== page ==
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It took a tough retailer to say no to a sales pitch from Mike Silverstein, the charismatic figure behind Nina Footwear who died on March 12. He was 86.
Silverstein, whose Cuban cigars are as memorable as his hard-hitting sales approach, co-founded Nina Footwear in 1953 with brother Stanley Silverstein. Together, they turned the family-owned business into an international powerhouse.
“He had a great talent, personality and people liked him,” said Stanley Silverstein, who oversaw design and manufacturing, while Mike served as the sales and business head. “He was able to bring [my designs] to everyone. It was the best part of our combination. We couldn’t [succeed] without each other.”
Dick Jacobson, former FFANY president and EVP at Nina, admired Silverstein’s marketing expertise. “He never studied it, but had a unique knack of knowing the right thing to do in the business at the right time,” he said. “He was a brilliant mechanic in the way he handled the business. Even in tough times Nina did well.”
Silverstein’s unique personality struck a chord with Ann Froman, a designer at Nina in the 1960s and ’70s. “He was always very dramatic and flamboyant,” Froman said about his fashion presentations during shoe shows. She recalled the season Nina was promoting Carmen Miranda-inspired platforms, and the room was filled with baskets of fruit and had live birds flying around.
Silverstein, himself, fondly remembered those times in a 2009 interview with Footwear News. “People didn’t come to listen to me because I entertained them; they came because they walked out smarter,” he said. “They know what to do. I give them a reason to buy something.”
Debbie Ferrée was among those who attended the legendary events during her days as a young Federated buyer. “[Mike] influenced me early on,” said the executive, now vice chairman and chief merchandising officer for DSW. “I learned so much from him.”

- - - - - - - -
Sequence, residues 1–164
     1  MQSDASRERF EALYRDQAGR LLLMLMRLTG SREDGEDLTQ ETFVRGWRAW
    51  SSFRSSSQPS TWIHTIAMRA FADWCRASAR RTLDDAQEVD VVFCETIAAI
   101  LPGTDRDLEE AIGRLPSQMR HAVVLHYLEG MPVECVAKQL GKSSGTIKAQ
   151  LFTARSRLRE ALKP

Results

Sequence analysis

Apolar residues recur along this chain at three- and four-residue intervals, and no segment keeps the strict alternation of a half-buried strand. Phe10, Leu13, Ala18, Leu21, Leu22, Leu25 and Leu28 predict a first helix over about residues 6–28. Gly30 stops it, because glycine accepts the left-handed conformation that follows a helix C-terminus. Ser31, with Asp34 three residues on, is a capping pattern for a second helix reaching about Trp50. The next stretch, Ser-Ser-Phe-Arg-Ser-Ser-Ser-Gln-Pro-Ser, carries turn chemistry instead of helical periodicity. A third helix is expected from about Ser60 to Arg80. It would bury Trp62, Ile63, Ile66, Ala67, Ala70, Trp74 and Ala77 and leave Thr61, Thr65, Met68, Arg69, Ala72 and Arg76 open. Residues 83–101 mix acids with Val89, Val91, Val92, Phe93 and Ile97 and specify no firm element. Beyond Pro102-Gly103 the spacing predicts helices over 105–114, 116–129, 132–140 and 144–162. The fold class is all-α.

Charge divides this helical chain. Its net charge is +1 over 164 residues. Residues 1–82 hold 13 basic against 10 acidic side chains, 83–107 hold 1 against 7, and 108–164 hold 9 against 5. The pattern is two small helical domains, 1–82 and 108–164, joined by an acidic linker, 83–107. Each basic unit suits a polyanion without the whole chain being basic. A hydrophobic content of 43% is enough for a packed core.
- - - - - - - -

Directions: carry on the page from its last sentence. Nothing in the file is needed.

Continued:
She recalled his now-classic speech in which he would tell retailers: “You have to listen to me on this!” “I value somebody who taught me so much about the shoe business. I value the ability to learn from a great shoe person,” said Ferrée.
Silverstein learned the shoe business from the ground up. After his family immigrated to the U.S. in the 1940s from Cuba, where he was born, his father, who was a shoemaker in Poland, opened a small shoe factory on New York’s Lower East Side. Although that business didn’t survive, the Silversteins used their father’s signature wood-bottom looks as the launch pad for their company.
Over the next four decades, they evolved the design and sourcing capabilities, and were among the first to produce shoes in China. Through a range of acquisitions and licensing deals, the firm added the Delman and Miss Trish labels. Today, children’s footwear and accessories are also part of the mix.
In 1994, after heart surgery, Silverstein retired and turned over the reins to son Scott, who has since left his post as CEO. (He was replaced in December by Ezra Dabah, son-in-law to Stanley.) Silverstein eventually moved to Florida, taking up residence in his one-of-a-kind modernist home. There he indulged in his other passions: collecting art and mid-century modern furnishings. He also became active in local politics and the arts.
“I quit while I was still young enough,” Silverstein told FN in 2009. “And while I resented not being the boss, I was able to do many other things in my life.”